by Nancy Dail

Clients regularly complain of having a “stiff neck”. It may hurt to rotate, flex, extend or laterally flex the head or just feel like the head does not respond to movement well. Complaints may also include pain or discomfort on top of the head, general headache, or specific headache pain patterns. Discomfort may run from the back of the head through to the front, and include the entire superior area of the scapula to between the scapulae medially. Multiple complaints may also include upper extremity pain in the shoulder or elbow joints and/or hand and wrist.

The medical history form and interview will help to answer many questions – occupation, repetitive actions, injuries and accidents, sleep patterns, pain patterns, activity and response to other types of care both medical and holistic. What aggravates the condition? What relieves it? Observation will answer postural questions. Is there a head forward posture, protracted shoulders, short upper arms, and a marked handedness? How much pressure is on the posterior cervical muscles based on the head forward posture?

Posture is a repetitive action, and can over time, cause as much discomfort as a sudden injury. The constant head forward posture and position of the shoulders, causes isometric holding patterns for the head extensors, and puts additional stress on the deeper suboccipitals. What other repetitive actions (shoulder girdle and shoulder joint) the individual has, determines what other muscles will play a part in the dysfunction. Muscles work in groups and in paired opposition. This is the aggregate muscle theory – a kinesiology theory that pairs agonist and antagonist action. So, when analyzing and unraveling the stiff neck, the massage therapist must determine active and passive range of motion for the head, neck, shoulder girdle, and shoulder joint. What contributes to the discomfort? Does the individual elevate the shoulder with actions? For example, have you ever tried to shovel snow without lifting the shoulder?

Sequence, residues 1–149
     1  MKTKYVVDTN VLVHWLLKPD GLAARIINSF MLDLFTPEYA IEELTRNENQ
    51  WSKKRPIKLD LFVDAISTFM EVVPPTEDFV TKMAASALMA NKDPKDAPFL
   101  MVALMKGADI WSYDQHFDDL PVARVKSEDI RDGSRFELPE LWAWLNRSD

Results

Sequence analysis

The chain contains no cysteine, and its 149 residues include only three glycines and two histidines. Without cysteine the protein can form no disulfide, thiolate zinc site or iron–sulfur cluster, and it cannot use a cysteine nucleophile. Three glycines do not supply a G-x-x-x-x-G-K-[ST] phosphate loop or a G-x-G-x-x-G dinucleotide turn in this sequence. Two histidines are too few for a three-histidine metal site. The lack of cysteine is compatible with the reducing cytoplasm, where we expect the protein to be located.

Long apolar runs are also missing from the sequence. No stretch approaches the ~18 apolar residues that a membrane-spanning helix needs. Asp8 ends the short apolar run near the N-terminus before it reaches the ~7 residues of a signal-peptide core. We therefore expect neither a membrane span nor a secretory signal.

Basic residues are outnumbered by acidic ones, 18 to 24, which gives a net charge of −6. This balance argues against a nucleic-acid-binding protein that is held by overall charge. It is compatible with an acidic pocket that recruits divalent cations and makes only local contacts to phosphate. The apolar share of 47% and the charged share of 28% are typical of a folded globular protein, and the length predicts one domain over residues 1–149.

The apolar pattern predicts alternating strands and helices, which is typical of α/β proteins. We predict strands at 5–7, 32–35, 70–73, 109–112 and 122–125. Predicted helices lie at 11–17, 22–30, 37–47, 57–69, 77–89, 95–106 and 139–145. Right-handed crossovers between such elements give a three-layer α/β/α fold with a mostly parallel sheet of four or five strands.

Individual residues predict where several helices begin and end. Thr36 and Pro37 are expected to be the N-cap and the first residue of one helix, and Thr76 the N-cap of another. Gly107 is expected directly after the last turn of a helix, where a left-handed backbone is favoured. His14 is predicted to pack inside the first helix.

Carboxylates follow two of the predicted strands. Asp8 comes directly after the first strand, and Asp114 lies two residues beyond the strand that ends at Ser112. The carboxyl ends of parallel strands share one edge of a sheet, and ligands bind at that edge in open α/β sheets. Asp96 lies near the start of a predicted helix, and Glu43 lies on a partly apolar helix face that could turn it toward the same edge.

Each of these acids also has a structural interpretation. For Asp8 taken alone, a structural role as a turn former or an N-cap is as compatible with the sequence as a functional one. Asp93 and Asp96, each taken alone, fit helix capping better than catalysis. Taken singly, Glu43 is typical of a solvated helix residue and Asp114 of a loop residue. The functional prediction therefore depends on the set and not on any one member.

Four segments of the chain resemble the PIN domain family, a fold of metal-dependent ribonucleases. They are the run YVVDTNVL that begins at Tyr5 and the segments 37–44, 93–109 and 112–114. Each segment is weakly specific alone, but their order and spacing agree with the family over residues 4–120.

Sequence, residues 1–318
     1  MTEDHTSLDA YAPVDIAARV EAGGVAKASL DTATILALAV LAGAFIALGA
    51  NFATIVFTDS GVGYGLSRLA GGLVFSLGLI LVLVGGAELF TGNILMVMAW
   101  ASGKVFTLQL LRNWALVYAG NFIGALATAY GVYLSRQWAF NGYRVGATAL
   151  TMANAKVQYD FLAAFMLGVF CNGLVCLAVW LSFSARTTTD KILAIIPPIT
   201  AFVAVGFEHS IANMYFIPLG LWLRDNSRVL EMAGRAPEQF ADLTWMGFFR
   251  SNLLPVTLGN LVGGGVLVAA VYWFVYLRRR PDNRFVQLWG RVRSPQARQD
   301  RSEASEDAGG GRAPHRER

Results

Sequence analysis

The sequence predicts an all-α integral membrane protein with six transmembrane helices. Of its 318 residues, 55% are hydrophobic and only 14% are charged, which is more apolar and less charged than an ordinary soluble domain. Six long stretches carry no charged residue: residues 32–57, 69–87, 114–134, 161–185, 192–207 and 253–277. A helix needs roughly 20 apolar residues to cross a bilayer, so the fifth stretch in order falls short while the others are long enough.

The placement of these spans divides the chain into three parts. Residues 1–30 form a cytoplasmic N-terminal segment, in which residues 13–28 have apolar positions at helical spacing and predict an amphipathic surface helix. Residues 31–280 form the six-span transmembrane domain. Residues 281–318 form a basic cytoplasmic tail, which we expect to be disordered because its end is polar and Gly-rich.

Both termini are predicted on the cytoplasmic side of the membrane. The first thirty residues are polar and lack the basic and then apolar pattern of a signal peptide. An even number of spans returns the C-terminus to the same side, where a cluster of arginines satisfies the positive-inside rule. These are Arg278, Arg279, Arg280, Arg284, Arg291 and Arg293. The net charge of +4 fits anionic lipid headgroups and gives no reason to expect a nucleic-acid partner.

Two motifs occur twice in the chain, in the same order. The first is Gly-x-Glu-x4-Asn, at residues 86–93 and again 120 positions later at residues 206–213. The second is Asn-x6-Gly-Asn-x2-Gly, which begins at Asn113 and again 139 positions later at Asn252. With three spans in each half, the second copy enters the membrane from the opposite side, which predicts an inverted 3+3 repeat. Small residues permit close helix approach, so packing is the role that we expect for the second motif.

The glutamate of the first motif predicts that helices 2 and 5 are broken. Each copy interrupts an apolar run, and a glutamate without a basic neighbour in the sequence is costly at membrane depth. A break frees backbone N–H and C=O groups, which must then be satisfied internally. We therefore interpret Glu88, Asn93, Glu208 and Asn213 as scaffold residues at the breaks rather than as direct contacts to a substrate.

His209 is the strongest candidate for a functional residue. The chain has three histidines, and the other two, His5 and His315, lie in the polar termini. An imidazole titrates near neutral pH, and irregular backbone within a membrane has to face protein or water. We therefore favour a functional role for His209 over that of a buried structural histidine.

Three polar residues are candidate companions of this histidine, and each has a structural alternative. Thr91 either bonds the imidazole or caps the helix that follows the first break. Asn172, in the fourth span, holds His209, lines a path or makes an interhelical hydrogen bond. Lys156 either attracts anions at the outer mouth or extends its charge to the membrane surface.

nancy dail pic1Armed with action information, determining which muscles are culpable is next. Muscles work as agonists, antagonists, synergists, stabilizers, and neutralizers. Some muscles may be primary, but others assisting in the action may also have to be treated in order for the issue to be resolved. There is also order involved. What muscles do you work on first and in what position? In the case of the stiff neck, the sternocleidomastoid, is a primary muscle. It is often shortened because of posture or my personal favorite when I travel, “hotel pillow syndrome”. Passively shortening this muscle is key to unwinding it quickly. Flex the head and lateral flex the head. Short strip the muscle off the mastoid process while rotating the head toward your thumb. Grasp the length of the SCM with a pincer palpation and work towards the sternum and clavicle. Deep transverse friction the sternum and clavicular attachments.

Working on the SCM before you begin releasing the longissimus dorsi and splenius capitis will allow a more efficient treatment plan. These muscles assist in lateral flexion with SCM being a prime agonist. With SCM’s release, the lateral flexors palpate easier than before SCM’s treatment.

Releasing the SCM may also assist the relaxation of the trapezius. The two muscles share the same nerve – the accessory nerve. Bilaterally, the trapezius is the antagonist for flexion of the head – the prime action of the SCM.

nancy dail pic2Of course this is only the beginning of unraveling the stiff neck and solving the puzzle of the involved muscles and actions. There are many more muscles to visit in a specific order to release the stiffness, increase range of motion, and relieve pain from lack of movement, headache, or posture issues. Levator Scapula, splenius cervicis, specific suboccipitals, and even the scalenes play important roles in contributing to the common “stiff neck”.

Sternocleidomastoid diagram by Barbara Cummings illustrator; Myofascial Pain and Dsyfunction, Trigger Point Manual, Travell and Simmons

Technique picture from Kinesiology for Manual Therapies, McGraw-Hill, Dail, Agnew, and Floyd.


Learn more at the Dimensional Massage for Neck and Upper Extremity Pain with Nancy Dail on April 17-19, 2015. CLICK HERE to register today!